Reinventing the wheel?

This week I’ve been thinking about resources. On my never-ending list of Things To Do has been the project of sourcing or creating some more GCSE-style language practice papers that won’t risk wrecking a school’s assessment process. It is crucially important to me not to use actual past papers from the current specification, unless I know for a fact that the child I am working with has already been exposed to that particular paper in examination conditions. The risk of me inadvertantly showing them a paper that will then be used for in-class assessment or – even worse – for their Mock examination, is simply too high. Much as my students would I am sure be delighted to have an advance stab at their Mock paper with a tutor’s guidance, this would be unforgiveable and would entirely undermine the purpose of the Mock.

As a result of this personal rule, I use a bank of papers that I created from the old legacy GCSE to give my students more practice. Prior to the specification change in 2018, dozens of examination papers existed that could be made to fit the new specification with some relatively minor tweaks. I have around 10 or 12 of these already, which I made several years ago, but I have always wanted more.

As so often happens, once I put my mind to it, I found that I had a folder of stuff I had sourced from heaven knows where and saved into my “look at this at some point when you’ve got time” folder – a folder which is pretty enormous, as I never seemed to find said time. One folder in a folder in a sub-folder turned out to have a set of practice papers created by another teacher, all of them recognisably from papers from the dim and distant past or from relevant text books. So someone else had the same idea as me but used different sources to create them, and I’ve managed to get my hands on their work. Halle-blinking-lujah.

But this got me thinking. Something that friends and family find it hard to understand is that even though a huge amount of my time is spent working on resources, none of these can be monetised. I am grateful for my background in academia, a period during which a paranoia about plagiarism was drummed into me – and rightly so. There have been numerous cases of teachers monetising resources that have then turned out to be based on the work of others. Much of the time, I honestly believe that this may not even have been entirely deliberate. The way that we work means that it can become genuinely difficult to remember where your work ends and that of another begins. Teachers tend to be the curators of an ever-evolving bank of resources that many others have influenced in different ways over the years. I am acutely aware that pretty much everything I produce as a working resource for students started its life somewhere else – as a passage in an old text book, from a bank of files kindly shared by a colleague, on a dim and distant exam paper from days gone by. Very little of what I produce, therefore, can be claimed as entirely original and monetised. If you’re still not convinced, take a look at what happened on The Classics Library website, where resources being shared entirely for free fell foul of copyright laws and had to be taken down as requested by Cambridge University Press: anything which even relies on the ideas and concepts created by others is not entirely your own work.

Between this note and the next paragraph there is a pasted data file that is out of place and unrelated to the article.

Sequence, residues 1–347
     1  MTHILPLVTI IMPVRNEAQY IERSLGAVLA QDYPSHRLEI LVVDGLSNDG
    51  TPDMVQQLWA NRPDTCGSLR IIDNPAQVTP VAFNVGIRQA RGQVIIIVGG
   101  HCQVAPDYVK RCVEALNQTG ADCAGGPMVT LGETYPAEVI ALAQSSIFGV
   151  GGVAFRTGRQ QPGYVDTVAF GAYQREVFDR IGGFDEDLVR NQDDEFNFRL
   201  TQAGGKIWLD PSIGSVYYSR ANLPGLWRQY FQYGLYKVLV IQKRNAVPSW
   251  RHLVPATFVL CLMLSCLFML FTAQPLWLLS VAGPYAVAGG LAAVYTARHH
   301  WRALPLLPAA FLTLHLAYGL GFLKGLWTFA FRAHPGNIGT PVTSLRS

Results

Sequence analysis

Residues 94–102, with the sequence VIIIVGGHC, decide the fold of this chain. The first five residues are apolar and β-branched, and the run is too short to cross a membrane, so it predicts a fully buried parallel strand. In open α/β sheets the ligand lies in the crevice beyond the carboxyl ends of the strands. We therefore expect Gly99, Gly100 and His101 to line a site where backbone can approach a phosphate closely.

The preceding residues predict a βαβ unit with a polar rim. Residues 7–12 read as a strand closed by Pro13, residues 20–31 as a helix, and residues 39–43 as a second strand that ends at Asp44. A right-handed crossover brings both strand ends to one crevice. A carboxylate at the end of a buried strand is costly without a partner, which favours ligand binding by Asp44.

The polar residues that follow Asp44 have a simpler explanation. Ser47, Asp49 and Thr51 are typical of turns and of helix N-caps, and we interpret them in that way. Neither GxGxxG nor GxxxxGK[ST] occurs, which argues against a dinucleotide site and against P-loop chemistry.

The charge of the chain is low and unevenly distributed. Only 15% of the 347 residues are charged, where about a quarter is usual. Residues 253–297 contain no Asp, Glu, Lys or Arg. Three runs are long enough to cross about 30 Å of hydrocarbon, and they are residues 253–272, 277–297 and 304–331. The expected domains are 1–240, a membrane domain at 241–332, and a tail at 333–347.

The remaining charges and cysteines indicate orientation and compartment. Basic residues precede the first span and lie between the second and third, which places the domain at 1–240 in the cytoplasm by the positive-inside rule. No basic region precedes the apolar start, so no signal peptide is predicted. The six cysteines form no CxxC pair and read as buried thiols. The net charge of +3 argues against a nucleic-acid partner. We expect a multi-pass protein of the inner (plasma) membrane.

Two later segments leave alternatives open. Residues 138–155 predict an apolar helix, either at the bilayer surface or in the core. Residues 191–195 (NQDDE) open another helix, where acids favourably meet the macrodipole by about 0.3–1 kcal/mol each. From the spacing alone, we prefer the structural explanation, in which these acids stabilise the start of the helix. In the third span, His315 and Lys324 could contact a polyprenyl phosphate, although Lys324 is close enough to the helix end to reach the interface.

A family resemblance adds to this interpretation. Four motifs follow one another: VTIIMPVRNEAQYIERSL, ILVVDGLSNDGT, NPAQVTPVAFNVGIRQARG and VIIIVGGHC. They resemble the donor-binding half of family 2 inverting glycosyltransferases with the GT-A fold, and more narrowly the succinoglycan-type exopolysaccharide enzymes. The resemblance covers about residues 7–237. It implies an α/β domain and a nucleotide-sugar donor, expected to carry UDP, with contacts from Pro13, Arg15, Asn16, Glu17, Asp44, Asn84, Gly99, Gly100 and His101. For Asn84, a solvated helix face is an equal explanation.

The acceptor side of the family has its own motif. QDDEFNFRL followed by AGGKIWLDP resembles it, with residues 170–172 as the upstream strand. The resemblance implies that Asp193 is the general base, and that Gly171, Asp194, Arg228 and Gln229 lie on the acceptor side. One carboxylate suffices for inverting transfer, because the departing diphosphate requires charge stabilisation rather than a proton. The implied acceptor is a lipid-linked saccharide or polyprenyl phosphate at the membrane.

Given how many times this issue has been raised in relation to the monetised resources on the TES website, I do worry about the number of teachers and tutors who are now monetising vast quantities of resources. I do hope that every single one of them can truthfully claim that every single word of what they have written is original to them and didn’t start life as part of a set of departmental resources or as a piece created by a colleague or a trainee. Personally, I can lay claim to very little that is entirely original to me, because I don’t believe in reinventing the wheel unless I have to. Much of my time is spent hunting for useful resources, then reimagining them in a format that I find most useful or compelling. To use a rather sickening phrase, I take a resource and “make it my own”. But it is not my own, in the sense that I can lay claim to its birth and monetise it as my own work. It simply isn’t. Even if it is barely recognisable from its original, it is still not mine to claim. And certainly not to sell.

A regular occurence for me throughout my career has been that I manage to get my hands on a bank of departmental resources only to find that they are using something that I wrote 15 years ago. There are numerous advantages to taking on a trainee teacher, and one very useful one is harvesting what they have brought from other schools; the number of times I have opened up a file with great excitement only to go … hang on … this looks familiar … oh yeah, I think I wrote that. Or did I just adapt it? Who knows?

So, while my resources are all available to the students I work with and I share them gladly, they are not something that I can actually charge for because they are the result of my work combined with that of others – sometimes another person that is known to me, sometimes a whole list of people whom I have never met. I’ve always known this and have always found it to be in stark contrast to how things work in academia, a world in which you have to footnote every giant’s shoulders on whom you stand. The trend of teachers and tutors monetising resources does give me pause for this reason; I only hope that they are aware of the rules, and can hand-on-heart swear that everything they are selling started life in their own head and came to fruition by their hand alone. If they can, then wow – they’re definitely a hell of a lot more original than I am.

Author: Emma Williams

Latin tutor with 21 years' experience in the classroom. Outstanding track record with student attainment and progress.

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